Earlier this semester, after eleven years working in faculty development, I led my first session that didn't have anything to do with technology.

The subject? A moment of silence.

We began the session with a brief moment of silence, then I asked some questions to prompt a short discussion.

What mindset is most conducive to learning? What mental states might actually obstruct learning? What do we do as teachers that encourages the latter or the former?

We went around the table and talked about these things for a bit.

Then I took us back to the beginning and asked how the prefatory silence shaped the discussion. Did it foster a better mindset? The consensus seemed to be that it did. It provided a transition that allowed people to let go of their previous tasks and focus on the matter at hand.

Then I asked the faculty present to consider if such a technique could work in their classrooms. In fact one person (a Dominican brother) has been doing this for thirty years. Another person tried it for one semester a while ago with seemingly good results. Another has just started practicing a moment of silence this week, inspired by this very session.

After we talked about the potential challenges and pitfalls this technique presents, I distributed copies of the Tree of Contemplative Practices and noted that silence was but one practice of many. At this point I asked if anyone sitting around the table engaged in any sort of contemplative practice that they'd care to share with the group. Interestingly all three faculty who have used silence to open class also are regular practitioners. But the balance of attendees did not seem to engage in any regular practice. Or perhaps they just didn't want to share at this point.

I threw out the phrase "contemplative pedagogy" as a blanket term for using contemplative practices in teaching, which linked with integrative learning seems to be part of a emergent trend in the academy today. I mentioned the Association for Contemplative Mind in Higher Education which I joined this summer. I also hyped the faculty book club which I'll be leading this semester. We're reading The Heart of Higher Education. I also referenced Meditation as Contemplative Inquiry, a book I just finished and am still digesting.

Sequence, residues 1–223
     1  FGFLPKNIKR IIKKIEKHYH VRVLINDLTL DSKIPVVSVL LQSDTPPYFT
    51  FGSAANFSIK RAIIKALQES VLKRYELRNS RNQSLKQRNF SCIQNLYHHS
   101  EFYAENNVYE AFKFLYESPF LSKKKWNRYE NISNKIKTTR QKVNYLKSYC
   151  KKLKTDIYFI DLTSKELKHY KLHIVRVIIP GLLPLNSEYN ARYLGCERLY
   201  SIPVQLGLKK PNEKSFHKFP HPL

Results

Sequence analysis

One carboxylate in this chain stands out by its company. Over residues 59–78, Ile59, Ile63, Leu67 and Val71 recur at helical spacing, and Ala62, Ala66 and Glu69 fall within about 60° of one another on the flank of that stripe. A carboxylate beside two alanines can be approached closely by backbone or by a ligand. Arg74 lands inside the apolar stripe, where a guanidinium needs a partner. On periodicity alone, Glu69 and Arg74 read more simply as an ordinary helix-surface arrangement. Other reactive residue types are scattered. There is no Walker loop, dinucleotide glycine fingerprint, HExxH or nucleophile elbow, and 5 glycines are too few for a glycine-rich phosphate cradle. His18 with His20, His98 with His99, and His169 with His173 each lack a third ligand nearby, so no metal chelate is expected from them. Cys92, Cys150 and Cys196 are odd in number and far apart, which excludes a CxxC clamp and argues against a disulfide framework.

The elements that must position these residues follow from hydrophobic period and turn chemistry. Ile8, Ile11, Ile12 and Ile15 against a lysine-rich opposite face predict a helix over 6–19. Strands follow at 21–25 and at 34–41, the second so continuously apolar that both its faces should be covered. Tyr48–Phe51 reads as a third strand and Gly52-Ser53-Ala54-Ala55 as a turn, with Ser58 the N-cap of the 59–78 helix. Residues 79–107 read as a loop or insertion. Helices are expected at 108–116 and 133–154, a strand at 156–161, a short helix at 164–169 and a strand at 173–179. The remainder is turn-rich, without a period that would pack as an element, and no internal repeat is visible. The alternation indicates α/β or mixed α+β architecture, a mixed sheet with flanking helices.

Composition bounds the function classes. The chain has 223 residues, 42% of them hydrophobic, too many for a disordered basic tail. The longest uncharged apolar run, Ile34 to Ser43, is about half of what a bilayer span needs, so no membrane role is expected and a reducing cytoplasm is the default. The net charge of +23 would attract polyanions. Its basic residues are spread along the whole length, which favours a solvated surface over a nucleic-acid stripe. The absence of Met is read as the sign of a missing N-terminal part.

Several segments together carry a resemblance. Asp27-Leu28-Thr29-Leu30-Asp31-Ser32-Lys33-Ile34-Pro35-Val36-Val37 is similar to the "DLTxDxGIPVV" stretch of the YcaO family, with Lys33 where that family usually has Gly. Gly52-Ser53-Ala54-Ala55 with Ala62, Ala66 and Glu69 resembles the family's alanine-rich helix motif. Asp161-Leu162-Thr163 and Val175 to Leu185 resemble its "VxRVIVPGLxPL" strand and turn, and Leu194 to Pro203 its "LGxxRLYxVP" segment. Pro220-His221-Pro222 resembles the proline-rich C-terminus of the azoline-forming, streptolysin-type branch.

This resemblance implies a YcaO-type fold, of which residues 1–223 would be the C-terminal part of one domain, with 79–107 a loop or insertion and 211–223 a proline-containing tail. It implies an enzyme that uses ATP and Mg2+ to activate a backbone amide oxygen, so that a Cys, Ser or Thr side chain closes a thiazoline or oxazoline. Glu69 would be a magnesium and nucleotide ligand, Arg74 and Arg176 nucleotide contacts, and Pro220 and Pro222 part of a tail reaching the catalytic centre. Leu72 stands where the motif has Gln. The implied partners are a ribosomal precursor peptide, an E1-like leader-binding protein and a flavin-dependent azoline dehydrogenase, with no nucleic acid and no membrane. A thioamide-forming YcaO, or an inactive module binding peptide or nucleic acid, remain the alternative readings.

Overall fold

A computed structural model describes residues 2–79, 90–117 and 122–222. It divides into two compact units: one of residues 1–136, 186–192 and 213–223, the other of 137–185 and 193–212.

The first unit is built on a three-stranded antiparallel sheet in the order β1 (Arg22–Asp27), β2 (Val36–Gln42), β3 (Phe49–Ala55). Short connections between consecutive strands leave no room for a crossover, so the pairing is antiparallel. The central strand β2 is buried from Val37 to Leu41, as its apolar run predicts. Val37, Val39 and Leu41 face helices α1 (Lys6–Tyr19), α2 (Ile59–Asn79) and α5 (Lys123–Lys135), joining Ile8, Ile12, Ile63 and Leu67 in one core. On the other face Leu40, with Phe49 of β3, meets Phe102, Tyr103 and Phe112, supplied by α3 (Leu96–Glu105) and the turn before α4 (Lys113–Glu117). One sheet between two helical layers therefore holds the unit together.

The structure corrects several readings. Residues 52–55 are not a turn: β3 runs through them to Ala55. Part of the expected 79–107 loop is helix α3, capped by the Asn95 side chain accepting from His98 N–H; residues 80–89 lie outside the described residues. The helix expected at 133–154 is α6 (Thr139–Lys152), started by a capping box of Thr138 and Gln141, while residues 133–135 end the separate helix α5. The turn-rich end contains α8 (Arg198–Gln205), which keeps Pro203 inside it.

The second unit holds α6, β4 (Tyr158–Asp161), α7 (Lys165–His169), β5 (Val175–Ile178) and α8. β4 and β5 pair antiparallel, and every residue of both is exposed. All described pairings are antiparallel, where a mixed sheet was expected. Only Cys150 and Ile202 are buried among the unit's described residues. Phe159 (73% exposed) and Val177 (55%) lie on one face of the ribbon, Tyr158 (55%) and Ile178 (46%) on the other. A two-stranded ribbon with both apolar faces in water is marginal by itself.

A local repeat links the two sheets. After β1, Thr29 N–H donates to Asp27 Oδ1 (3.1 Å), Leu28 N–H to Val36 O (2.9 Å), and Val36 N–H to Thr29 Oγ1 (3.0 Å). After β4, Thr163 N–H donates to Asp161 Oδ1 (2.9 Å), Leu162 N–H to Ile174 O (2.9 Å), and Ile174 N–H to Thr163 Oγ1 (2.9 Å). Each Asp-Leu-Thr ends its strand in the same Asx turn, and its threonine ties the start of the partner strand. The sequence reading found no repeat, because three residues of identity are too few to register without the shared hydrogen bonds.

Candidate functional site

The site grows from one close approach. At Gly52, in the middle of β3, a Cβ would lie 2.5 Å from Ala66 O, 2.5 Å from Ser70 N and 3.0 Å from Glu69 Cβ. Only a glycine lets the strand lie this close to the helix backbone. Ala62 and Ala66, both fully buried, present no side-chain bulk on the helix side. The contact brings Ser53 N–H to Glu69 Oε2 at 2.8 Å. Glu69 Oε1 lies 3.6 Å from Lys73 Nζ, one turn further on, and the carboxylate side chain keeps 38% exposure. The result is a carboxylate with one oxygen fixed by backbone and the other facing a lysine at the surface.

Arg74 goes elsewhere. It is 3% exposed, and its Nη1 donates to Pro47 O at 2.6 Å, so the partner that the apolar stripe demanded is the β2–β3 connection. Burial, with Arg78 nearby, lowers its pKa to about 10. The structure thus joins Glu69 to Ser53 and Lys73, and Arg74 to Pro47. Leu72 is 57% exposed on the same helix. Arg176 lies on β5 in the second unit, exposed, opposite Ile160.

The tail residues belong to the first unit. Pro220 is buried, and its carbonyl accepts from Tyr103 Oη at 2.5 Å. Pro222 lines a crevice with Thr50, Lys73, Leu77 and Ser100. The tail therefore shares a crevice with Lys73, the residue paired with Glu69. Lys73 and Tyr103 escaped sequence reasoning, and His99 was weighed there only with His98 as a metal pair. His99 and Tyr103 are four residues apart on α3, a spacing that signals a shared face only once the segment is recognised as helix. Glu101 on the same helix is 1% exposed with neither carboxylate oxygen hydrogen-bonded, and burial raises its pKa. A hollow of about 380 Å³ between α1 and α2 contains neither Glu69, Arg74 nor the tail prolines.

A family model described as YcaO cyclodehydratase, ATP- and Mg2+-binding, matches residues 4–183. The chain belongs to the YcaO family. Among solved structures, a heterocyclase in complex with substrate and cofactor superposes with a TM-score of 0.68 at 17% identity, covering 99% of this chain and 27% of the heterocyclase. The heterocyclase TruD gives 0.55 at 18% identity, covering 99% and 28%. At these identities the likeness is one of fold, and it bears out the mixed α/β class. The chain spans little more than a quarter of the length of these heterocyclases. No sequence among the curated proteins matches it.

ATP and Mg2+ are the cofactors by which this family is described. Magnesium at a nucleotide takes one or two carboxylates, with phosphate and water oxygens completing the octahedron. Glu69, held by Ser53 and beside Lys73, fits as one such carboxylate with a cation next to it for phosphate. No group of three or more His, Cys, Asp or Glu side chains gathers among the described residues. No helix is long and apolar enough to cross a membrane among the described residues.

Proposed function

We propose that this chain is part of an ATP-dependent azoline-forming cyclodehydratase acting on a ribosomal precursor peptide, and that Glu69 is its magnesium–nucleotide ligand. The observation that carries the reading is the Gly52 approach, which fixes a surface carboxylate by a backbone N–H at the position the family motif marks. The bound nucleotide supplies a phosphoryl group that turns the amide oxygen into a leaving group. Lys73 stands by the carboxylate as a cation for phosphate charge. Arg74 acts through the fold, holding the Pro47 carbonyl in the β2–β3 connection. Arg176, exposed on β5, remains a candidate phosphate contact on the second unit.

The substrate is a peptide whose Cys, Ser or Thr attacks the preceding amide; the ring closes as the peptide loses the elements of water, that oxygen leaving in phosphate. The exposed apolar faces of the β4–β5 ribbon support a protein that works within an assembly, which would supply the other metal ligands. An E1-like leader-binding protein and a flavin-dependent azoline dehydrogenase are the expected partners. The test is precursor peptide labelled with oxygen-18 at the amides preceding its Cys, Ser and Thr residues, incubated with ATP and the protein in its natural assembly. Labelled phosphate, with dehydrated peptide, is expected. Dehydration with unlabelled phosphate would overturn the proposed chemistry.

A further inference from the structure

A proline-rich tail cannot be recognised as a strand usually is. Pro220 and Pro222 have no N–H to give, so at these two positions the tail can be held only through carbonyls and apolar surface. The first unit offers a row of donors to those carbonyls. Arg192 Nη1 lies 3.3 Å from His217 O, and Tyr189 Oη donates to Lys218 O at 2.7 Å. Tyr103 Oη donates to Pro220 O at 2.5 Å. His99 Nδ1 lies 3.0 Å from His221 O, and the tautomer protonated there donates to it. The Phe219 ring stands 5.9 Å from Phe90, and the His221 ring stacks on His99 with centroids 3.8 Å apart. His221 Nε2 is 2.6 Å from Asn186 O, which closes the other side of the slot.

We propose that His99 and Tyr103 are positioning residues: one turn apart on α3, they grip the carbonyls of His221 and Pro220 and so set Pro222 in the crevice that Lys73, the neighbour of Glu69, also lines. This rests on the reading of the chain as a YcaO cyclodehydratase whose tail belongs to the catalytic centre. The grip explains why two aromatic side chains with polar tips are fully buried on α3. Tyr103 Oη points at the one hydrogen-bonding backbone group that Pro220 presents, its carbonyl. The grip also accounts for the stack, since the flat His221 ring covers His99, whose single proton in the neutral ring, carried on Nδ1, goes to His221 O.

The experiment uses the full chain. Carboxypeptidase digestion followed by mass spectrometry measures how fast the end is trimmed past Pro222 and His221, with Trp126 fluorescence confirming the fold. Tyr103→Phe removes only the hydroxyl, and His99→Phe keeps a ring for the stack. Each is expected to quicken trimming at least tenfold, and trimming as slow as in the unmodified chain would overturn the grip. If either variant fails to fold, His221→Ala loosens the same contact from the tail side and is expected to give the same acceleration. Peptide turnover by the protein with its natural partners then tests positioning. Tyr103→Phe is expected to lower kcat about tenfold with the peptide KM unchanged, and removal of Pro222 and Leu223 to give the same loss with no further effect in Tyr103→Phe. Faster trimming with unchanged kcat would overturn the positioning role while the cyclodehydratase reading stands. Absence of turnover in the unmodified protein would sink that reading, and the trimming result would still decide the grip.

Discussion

And then I talked about why I think all of this is potentially important to the University and its mission, and asked what the group thought. I also confessed myself remarkably unqualified to be promulgating this topic, since I know so little about it, but I just feel it's so important. And of course I had to mention that contemplation was not just a means to an end, but a worthwhile end to itself — if you can call something inherently transformative an "end."

I let the group know I was interested in collaborating if anyone wanted to study the effects of a moment of silence on classroom learning.

Finally we talked about possible future directions for the conversation which we'd begun. Indeed, the main purpose of this session, to my mind, was to gauge faculty interest in contemplative pedagogy and integrative learning. I hope this is the beginning of a sustained dialog on the topic. I take it as my responsibility to nurture that dialog and expand the circle.

In Bb tip #14, I discussed how to personalize your course by adding a banner. A course banner is an image that appears at the top of the Announcements page of your course. You can use PowerPoint to create a course banner.

Follow these steps to do it.
Using PowerPoint 2010 (Windows), you should open a new PowerPoint file. On the Home tab, select Title Only as the slide layout. On the Design tab, select Page Setup and then choose Banner as the slide size. The default width for a banner is a width of eight inches and height of one inch. Click OK to save the settings. You will be returned to the Design tab. Choose a background for your banner by either selecting a theme or choosing a background style. In the title box, type text for your banner and change the font if necessary. You can insert clip art, pictures, and/or other objects on your banner from the insert menu. Save the file as both a PowerPoint presentation and as a JPEG file. You will be able to edit the PowerPoint file if you need to make changes to your banner. Close PowerPoint and follow the instructions in Bb tip #14 to add the banner to your course.

Note: Step-by-step instructions for Mac users are available.

Want more information?
Step-by-step instructions are available [Win-PDF] and [Mac-PDF].
Visit the Blackboard FAQs for additional Blackboard information
or email or call Janice Florent: (504) 520-7418